From the gardens we added a couple from Indiana to our little group and entered the palace proper, avoiding the line by using a special booked tours gate. We did have a short wait, but occupied ourselves by admiring the stunning exterior architecture of the palace and the abundance of gold leaf embellishments. The way it presents today is not actually as spectacular as it would have been prior to the French Revolution, when most of the gold and many of the statues of past Kings were removed. Restoration programs run continuously, aiming at replicating what is known of the original building.
Once inside, we began a dazzling tour of chamber after chamber, most featuring incredible artworks on walls and ceilings. Everywhere was crowded but Aisson was quite brilliant at finding space and moving us through the throng with ease. We each had a radio powered earpiece so we could hear her from where ever we were, allowing us to wander around a room a bit and still keep track of her commentary. It was really informative, particularly the insight into life for the royals of the 18th Century and the way in which they tried to manage their official duties and private lives.
Once again, much was destroyed in the Revolution, Louis and Marie Antoinette’s beds being a particular target, but the replicas are said to be very carefully researched copies, faithful to the design and materials of the times. One absolute highlight was the famed Hall of Mirrors, an incredible reception hall filled with crystal chandeliers and mirrors, created in an age when any mirror was a rare and prized object. Incredibly, there are modern sculptures dotted around both inside and out, all created by one woman. While a giant pair of shoes created exclusively with stainless steel pots and pans or a hanging rotating heart formed from a massive collection of plastic cutlery may be all very interesting and enthralling, why anyone would consider placing these works in the Palace of Versailles is totally beyond me. People do some silly things in the name of art.
Eventually, we both reached the stage of being completely overwhelmed with chambers, anti-chambers and state rooms and were very glad that the tour finally finished. Three hours was probably enough, even though we could have opted for a further visit to Marie Antoinette’s farm, a play farm that she set up to entertain her guests with perfumed sheep and manicured vege gardens., or a look around the Prince’s quarters. Acres of gardens remained to explore. Instead, we chose a baguette and a beer at a local boulangerie. Versailles and all its glory is definitely not to be missed. Who knows, we may one day return to explore further.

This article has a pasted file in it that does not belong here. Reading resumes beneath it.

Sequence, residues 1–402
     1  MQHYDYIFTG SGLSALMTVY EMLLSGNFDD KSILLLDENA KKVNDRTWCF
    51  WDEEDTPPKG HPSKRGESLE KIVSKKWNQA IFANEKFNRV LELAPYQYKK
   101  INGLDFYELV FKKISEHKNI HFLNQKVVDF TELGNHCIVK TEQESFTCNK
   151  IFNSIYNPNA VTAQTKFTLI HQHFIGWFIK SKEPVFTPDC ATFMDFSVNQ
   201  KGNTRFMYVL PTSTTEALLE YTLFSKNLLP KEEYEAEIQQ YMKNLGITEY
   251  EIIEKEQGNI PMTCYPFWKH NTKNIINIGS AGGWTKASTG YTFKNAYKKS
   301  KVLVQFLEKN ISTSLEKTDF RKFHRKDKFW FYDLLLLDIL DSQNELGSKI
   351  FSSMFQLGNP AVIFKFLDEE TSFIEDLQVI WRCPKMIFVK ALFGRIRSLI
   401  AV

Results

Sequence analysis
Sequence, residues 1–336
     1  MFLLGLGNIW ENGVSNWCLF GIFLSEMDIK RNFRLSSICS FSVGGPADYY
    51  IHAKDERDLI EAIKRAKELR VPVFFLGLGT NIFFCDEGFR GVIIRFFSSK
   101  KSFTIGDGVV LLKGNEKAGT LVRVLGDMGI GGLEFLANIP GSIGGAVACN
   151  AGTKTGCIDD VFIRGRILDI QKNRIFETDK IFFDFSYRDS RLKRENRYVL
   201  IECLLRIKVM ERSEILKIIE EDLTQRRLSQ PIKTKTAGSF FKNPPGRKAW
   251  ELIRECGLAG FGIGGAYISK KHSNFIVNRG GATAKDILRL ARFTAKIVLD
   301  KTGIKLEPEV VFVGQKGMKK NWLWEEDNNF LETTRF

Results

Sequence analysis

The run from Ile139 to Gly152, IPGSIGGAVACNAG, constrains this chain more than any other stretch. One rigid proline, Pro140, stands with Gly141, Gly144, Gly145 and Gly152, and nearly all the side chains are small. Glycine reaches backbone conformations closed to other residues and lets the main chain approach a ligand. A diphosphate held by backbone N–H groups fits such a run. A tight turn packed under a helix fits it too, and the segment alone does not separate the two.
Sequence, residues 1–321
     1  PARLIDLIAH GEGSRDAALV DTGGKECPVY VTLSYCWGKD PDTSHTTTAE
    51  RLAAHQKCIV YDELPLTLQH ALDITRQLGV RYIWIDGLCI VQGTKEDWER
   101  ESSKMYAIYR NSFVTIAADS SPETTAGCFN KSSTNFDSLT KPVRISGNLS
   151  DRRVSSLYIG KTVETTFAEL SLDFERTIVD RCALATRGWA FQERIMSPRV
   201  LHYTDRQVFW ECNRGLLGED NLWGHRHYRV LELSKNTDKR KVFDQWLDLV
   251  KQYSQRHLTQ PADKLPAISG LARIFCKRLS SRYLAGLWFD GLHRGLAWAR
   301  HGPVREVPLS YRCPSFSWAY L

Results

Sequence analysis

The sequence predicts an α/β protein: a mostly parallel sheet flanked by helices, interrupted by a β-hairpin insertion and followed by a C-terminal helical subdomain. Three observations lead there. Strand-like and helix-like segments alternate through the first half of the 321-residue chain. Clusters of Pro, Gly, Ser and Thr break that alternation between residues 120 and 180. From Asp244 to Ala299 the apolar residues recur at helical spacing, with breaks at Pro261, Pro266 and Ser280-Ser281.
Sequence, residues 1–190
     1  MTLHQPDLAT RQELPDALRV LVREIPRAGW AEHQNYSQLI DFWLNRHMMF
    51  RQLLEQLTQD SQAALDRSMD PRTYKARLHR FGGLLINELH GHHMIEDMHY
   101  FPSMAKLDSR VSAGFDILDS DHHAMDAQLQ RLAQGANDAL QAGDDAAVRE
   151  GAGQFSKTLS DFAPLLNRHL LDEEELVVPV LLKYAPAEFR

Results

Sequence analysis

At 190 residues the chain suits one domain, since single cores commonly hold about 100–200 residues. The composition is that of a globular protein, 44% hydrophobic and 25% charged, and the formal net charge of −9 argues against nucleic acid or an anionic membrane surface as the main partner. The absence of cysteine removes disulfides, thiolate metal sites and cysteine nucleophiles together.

Our last afternoon in Paris was an exciting one, spent doing the washing at a nearby laundromat. In reality, this meant chucking all the wash in and going down the street to a little pub for a beer. What other way is there? There are quite a few sights left unseen, but we feel we have done fairly well in our two short visits to Paris. Monmartre and Sacre-Couer was missed (not sure why) and neither the climb up the Eiffel Tower, nor seeing it lit up at night ever eventuated. Oh well!
We left the hotel at 8:15am to get to the airport for a 12 o’clock flight, not bad we thought. As it happened, we had a bare 20 minutes of sitting around at the airport before boarding. The wait for trains seemed endless, and the procedures at the airport even worse. The line for our flight was terribly long when we arrived, although we were able to skip through to Business Class. After that, we headed for the lounge, but took so long to find it because it was poked away on the 10th level down several corridors and with a door that poorly marked. After a quick drink, we had to shoot off again, down the lift and start the security thing. It seems like every time we go through a check it gets worse, this time we needed not only laptops out but cameras. Even passports had to go through scanners. The woman wanted me to remove my belt, until I finally convinced her that plastic belts don’t count. Of course, they had lots of scanners around but only one or two actually operated so the whole thing was a nightmare. Then they boarded us at 11:20, which was terrific because the plane finally climbed into the sky at 12:30. This represents a mere 4 hours and 15 minutes from leaving the hotel to lift off. This is why we like train travel.
Farewell Europe! We leave much wiser and much more confident about travelling around this varied and complex continent. In hindsight, we didn’t make too many poor choices along the way although we are now in a much better position to travel here again. Next time, it will be longer stays in fewer locations, with more self catering. We may even learn to drive without messing our undies.